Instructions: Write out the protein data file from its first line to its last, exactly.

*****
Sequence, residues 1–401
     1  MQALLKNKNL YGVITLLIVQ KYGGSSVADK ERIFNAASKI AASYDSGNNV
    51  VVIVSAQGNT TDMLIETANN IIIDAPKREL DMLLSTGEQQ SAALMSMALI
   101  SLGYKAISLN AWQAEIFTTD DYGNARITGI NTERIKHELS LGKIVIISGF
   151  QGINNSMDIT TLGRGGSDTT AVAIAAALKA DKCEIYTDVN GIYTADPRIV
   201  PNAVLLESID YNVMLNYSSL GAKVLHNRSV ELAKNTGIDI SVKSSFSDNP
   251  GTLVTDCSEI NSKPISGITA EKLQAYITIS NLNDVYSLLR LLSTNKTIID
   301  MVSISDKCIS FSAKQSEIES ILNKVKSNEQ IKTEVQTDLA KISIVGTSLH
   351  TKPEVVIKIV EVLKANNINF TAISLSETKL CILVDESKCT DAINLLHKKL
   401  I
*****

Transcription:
Sequence, residues 1–401
     1  MQALLKNKNL YGVITLLIVQ KYGGSSVADK ERIFNAASKI AASYDSGNNV
    51  VVIVSAQGNT TDMLIETANN IIIDAPKREL DMLLSTGEQQ SAALMSMALI
   101  SLGYKAISLN AWQAEIFTTD DYGNARITGI NTERIKHELS LGKIVIISGF
   151  QGINNSMDIT TLGRGGSDTT AVAIAAALKA DKCEIYTDVN GIYTADPRIV
   201  PNAVLLESID YNVMLNYSSL GAKVLHNRSV ELAKNTGIDI SVKSSFSDNP
   251  GTLVTDCSEI NSKPISGITA EKLQAYITIS NLNDVYSLLR LLSTNKTIID
   301  MVSISDKCIS FSAKQSEIES ILNKVKSNEQ IKTEVQTDLA KISIVGTSLH
   351  TKPEVVIKIV EVLKANNINF TAISLSETKL CILVDESKCT DAINLLHKKL
   401  I